Here’s a follow-up to my last post:
The deck really is stacked against poor kids in terms of risks for obesity. Not only are they less likely to be breastfed, which can help prevent obesity, but they’re significantly more likely to have high-sugar, high calorie diets.
Why? Because sugar is cheap and convenient, and poor kids tend to live in neighborhoods where convenience stores–with their snack-and-proccessed-food-heavy offerings–dominate the local market scene. The politics of of American farming has a lot to do with our unhealthy way of eating, too.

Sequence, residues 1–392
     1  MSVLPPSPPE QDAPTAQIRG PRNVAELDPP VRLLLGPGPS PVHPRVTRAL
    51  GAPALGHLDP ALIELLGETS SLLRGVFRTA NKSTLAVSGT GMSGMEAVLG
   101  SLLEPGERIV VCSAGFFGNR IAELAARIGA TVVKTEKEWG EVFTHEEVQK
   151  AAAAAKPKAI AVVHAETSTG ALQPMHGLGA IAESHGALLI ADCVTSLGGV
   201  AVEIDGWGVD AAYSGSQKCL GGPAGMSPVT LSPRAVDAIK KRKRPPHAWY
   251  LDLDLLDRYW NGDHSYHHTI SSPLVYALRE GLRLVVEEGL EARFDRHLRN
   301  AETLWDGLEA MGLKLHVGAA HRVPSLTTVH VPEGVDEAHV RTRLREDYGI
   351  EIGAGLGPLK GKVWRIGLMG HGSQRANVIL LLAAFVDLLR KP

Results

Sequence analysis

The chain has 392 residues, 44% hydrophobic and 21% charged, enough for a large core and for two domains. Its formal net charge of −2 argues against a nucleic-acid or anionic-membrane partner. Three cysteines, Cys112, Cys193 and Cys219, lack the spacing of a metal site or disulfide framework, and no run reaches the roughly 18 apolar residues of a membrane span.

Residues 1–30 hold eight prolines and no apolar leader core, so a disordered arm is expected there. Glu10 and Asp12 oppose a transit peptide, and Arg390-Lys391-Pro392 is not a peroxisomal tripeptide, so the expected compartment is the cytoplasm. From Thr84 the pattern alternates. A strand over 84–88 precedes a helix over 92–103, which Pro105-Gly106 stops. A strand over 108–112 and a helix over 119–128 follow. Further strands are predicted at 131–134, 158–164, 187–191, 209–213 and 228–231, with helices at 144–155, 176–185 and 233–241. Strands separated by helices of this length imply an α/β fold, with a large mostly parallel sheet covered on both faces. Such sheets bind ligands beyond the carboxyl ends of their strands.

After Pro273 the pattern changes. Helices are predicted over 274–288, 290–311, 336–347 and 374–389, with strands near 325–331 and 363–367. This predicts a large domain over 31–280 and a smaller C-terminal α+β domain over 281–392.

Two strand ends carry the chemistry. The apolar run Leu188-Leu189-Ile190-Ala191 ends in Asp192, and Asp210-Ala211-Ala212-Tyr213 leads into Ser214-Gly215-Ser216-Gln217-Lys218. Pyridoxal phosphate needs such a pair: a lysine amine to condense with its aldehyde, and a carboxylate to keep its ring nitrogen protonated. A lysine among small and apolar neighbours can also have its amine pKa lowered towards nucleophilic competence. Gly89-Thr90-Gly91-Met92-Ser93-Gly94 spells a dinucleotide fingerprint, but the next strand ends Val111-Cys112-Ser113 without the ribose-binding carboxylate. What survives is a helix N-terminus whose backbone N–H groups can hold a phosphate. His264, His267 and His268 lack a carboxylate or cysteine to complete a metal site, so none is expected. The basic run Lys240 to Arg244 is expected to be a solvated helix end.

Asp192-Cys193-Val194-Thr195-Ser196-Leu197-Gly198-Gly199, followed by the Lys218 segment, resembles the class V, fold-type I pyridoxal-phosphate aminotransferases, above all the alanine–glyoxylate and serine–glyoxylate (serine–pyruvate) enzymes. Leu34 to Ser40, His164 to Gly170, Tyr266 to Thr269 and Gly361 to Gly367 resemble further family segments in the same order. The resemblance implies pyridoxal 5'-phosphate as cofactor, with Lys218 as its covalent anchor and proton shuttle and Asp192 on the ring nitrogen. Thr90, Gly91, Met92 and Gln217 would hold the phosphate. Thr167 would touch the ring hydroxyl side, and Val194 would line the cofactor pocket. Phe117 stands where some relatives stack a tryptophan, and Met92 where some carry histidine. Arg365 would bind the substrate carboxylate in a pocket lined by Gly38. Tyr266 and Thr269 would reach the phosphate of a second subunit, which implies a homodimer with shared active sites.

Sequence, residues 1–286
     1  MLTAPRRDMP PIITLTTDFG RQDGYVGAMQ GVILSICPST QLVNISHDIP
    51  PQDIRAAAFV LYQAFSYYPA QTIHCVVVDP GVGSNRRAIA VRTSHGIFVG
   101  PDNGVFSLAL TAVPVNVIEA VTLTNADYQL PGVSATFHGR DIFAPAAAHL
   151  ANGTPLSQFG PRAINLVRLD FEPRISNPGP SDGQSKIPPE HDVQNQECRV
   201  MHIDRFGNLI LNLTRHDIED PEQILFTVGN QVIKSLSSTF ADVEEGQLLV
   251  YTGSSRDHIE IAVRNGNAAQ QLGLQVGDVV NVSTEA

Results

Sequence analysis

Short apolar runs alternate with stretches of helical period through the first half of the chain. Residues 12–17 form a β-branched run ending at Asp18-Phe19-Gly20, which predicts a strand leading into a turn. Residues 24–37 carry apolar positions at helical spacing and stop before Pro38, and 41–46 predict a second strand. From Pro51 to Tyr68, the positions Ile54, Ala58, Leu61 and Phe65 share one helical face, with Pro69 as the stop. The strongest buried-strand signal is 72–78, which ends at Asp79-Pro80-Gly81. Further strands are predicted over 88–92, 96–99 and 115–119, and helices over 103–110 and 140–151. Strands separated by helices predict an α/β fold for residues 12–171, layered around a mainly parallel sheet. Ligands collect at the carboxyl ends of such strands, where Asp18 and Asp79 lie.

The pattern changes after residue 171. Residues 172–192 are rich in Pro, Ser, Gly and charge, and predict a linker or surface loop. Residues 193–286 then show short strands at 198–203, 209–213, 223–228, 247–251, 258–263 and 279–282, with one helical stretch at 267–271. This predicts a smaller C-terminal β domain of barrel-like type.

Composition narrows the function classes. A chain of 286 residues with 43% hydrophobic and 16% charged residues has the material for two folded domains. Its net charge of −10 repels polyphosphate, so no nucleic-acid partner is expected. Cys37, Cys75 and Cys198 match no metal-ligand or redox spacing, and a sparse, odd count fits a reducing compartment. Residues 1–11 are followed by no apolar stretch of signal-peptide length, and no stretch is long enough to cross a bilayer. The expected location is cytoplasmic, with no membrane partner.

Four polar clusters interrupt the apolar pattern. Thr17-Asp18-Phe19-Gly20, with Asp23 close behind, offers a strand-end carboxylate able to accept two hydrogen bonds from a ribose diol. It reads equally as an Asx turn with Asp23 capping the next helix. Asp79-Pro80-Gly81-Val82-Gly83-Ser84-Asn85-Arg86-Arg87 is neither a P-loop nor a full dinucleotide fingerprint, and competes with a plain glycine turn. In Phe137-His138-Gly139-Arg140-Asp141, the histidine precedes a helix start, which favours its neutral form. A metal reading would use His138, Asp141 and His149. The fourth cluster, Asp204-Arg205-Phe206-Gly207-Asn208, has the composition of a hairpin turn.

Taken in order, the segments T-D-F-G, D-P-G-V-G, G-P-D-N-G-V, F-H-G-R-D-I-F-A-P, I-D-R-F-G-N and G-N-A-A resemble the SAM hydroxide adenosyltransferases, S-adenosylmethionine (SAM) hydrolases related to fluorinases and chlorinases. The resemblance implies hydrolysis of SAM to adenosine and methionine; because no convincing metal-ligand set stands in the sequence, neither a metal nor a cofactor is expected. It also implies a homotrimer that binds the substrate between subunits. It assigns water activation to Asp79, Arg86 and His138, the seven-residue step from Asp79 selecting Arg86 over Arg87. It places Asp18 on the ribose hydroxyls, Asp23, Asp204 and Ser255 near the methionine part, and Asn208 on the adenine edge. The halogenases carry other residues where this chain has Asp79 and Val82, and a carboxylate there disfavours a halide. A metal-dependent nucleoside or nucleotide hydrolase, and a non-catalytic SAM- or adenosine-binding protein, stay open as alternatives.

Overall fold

The good news is the increase in local efforts to bring fresh fruits and vegetables to the neighborhoods where they’re most needed. Here in Santa Rosa, CA, we have the Megan Furth Harvest Pantry, a mobile, miniature produce market that distributes healthy foods, as well as nutrition education, to needy families with kids five years old and younger.
You can find other examples all across the nation, like this one in St. Paul, and this one in New York. Still, until the big-box grocers venture back into the poorer neighborhoods they abandoned long ago, far too many children will have sugar-heavy, unhealthy diets.